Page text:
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I can definitely see why many would find this to be the case.

But that's usually because of their approach to Qinna. For example, if someone's plan is to grab someone's wrist, many simple-minded folks will just directly reach out their hand and grab the opponent's wrist.

The opponent will then think: "Oh! He wants my wrist! I won't let him!" So, they tense up and resist, making Qinna either infeasible or too sluggish.

And then people think that Qinna doesn't work because their training partner sees it coming, is familiar with the technique, and has developed the habit of nullifying it since it has been done to them so many times.

But there's a more advanced approach. It's a more clever approach. That approach is something like this:

If I want to control someone's wrist, I may target the elbow first.

If I want to control the elbow, I may target the wrist first.

If I want to control the shoulder, I may target the elbow first.

If I want to control your torso, I may target your shoulder first.

Unlike the simpleminded approach that directly targets the joint you had in mind, this approach is far more clever and tricky because you are targeting the neighboring joint as a setup for the actual joint you want to target. You are also messing with the opponent's psychology.

If someone has a guard up protecting their face and I apply pressure against their wrist, the opponent's natural reaction might be to resist me. By resisting me with his wrist, his elbow is vulnerable. If I push against his elbow, he will resist me at that point. But then his wrist may be left ignored. Humans are terrible at focusing on multiple things at the same time, and there's a physiological aspect at play where tensing one area seemingly causes another area to be vulnerable - both physically and mentally.

Humans are incapable of resisting in every single direction simultaneously. It's very hard to resist left and right at the same time, and should they choose to stiffen up completely, either some other area of their body is left unattended or they are ill-prepared for getting hit.

Because the joint I target may not be the actual joint I want, it's much harder for the opponent to know what I'm planning to do because I am messing with their head and toying with their intention.

In my experience, through this approach, Qinna has a much higher success rate even though the training partner is already familiar with the techniques. There is a tricky strategy at play where you are both controlling where their mental attention is allocated and where they are resisting you. You trick them into resisting how you want them to resist. And if they choose to not resist, your job is even easier.
I agree, yielding and feinting are a distinct part of what I practice in any case, whether boxing or in Chin na practice. Its a lot harder to sink those locks when someone is punching me or whatever. Lots to learn yet. No rush.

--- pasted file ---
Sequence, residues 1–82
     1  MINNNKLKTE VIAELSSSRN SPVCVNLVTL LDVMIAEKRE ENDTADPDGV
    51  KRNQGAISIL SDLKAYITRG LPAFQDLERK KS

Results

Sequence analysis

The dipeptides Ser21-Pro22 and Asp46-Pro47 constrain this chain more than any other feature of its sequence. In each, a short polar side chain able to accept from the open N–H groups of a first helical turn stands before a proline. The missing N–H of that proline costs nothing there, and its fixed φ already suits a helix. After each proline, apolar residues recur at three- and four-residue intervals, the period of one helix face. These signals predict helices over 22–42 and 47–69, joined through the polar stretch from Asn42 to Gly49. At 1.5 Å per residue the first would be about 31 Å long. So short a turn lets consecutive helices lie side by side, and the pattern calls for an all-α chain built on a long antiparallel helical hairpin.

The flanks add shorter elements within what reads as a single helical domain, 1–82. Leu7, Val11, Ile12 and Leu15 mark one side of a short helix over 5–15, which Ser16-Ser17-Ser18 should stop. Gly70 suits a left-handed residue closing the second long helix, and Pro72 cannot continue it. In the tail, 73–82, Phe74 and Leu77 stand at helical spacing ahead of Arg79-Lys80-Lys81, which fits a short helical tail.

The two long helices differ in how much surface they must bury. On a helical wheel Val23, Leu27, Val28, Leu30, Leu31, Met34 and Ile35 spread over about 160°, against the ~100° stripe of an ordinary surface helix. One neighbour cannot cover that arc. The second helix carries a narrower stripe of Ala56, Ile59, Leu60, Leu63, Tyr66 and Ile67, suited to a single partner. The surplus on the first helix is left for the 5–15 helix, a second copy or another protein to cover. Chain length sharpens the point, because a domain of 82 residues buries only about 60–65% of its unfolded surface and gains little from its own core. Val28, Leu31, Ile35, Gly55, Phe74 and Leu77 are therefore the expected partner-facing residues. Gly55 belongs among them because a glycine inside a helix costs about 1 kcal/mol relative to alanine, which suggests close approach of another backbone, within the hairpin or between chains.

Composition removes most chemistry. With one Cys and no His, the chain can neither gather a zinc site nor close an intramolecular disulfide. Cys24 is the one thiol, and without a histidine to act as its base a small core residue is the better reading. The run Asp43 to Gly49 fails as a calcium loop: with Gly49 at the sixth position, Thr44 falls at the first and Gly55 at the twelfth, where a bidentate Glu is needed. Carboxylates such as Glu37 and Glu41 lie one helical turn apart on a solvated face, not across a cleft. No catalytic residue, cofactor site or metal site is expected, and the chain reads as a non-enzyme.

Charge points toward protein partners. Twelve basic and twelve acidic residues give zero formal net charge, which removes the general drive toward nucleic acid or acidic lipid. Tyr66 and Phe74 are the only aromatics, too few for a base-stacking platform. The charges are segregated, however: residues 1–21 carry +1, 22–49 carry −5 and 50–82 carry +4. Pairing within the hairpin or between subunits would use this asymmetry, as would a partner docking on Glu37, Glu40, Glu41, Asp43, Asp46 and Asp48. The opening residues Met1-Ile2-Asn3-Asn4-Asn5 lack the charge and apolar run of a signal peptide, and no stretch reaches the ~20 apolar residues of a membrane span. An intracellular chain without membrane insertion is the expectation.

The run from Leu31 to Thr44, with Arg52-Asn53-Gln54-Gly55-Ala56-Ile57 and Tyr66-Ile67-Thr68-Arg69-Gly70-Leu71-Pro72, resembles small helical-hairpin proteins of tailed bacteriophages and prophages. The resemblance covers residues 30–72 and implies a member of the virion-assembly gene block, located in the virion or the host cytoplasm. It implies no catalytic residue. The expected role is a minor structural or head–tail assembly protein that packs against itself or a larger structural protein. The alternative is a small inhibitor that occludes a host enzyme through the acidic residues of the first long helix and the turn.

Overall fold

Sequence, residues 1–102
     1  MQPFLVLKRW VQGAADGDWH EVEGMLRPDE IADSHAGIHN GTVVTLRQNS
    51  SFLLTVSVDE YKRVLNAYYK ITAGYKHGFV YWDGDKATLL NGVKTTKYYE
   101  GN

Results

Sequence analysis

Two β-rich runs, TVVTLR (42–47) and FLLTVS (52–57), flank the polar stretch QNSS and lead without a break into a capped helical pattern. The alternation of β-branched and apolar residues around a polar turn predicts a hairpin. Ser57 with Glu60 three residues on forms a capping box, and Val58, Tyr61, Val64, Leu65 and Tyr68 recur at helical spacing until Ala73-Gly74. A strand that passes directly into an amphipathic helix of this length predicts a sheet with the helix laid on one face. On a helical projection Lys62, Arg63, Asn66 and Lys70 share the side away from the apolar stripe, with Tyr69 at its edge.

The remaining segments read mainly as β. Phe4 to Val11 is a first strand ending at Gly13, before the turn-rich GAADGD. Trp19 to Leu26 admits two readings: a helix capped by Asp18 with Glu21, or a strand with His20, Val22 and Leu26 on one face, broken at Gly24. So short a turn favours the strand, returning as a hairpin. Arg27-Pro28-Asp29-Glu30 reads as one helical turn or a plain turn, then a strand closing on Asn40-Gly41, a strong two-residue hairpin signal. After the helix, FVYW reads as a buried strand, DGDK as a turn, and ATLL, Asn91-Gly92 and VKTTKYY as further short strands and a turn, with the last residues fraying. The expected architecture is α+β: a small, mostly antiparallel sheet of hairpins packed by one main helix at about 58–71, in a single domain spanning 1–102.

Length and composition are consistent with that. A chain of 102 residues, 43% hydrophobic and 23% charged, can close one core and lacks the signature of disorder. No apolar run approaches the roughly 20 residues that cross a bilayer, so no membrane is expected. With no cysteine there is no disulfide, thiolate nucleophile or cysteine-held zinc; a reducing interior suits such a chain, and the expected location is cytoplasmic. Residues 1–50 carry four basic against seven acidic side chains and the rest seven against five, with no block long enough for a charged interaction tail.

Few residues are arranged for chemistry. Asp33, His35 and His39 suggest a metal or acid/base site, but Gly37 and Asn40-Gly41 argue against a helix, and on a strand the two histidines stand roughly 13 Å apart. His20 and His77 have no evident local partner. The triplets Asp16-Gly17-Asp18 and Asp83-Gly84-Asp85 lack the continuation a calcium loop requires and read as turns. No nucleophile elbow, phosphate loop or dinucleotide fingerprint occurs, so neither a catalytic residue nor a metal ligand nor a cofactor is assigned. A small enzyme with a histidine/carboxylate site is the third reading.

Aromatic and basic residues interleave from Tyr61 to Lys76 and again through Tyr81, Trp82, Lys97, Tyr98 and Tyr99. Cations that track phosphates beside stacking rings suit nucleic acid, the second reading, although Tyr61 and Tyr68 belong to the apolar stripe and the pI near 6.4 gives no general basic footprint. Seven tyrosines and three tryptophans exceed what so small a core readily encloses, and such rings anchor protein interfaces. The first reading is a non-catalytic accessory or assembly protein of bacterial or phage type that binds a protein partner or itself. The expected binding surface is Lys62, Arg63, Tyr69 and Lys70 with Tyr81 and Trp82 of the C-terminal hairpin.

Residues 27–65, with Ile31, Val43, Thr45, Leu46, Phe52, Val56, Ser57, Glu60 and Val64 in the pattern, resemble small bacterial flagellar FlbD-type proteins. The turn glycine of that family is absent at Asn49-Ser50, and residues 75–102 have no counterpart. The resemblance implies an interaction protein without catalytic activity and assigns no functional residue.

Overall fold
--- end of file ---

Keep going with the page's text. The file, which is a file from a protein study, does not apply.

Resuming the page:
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I probably mentioned this before but Dr. Yang sort of got me started on kung fu (indirectly) along with some other key people. So I had watched and read a lot of his Chin na stuff before I stepped inside a kwoon.

When I learned Chin na for real, it was very effective stuff, and applicable in practically every grappling environment. Joint locks in wrestling, judo, BJJ, etc are all essentially Qin na with safety built in. The kimura is a great example of chin na, if you have to convince the non CMA crowd.

So I guess Chin na is my specialty, if I have one. Why? Because I don't like to hit people, I prefer control.

It's such a broad topic, well beyond grabbing wrists. And from a purely CMA point of view, there is also a lot of overlap with tui na massage, bone injury treatments, dim mak.

I find I use dit da jow mostly on my elbows nowadays for this reason. Qin na is hard on them whether you are giving or receiving.
 

Oily Dragon

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Even without gloves, I think this is the wrong context for Qinna. It's not a primary go-to strategy against a striker. Maybe as a secondary or tertiary step - but not the very first thing you do against a punch.
Actually, it would be the first thing I'd do against a punchy dude, I'd swallow the punch, clinch, and work to start controlling an arm. This is especially true if the "striker" is skilled, you don't want them throwing at you nonstop. The best place for your head to be, is right next to theirs. You want to get deep inside where you can control them. Boxers can't do this because of how limited clinching is, but other stand up arts it's fair game.

You see this a lot in San Shou (fingers free), where one fighter starts throwing hands and the other uses those attacks to set up throws, which are worth more points. Like you said, it doesn't take much more than controlling an elbow to force someone down or wherever you want them to go.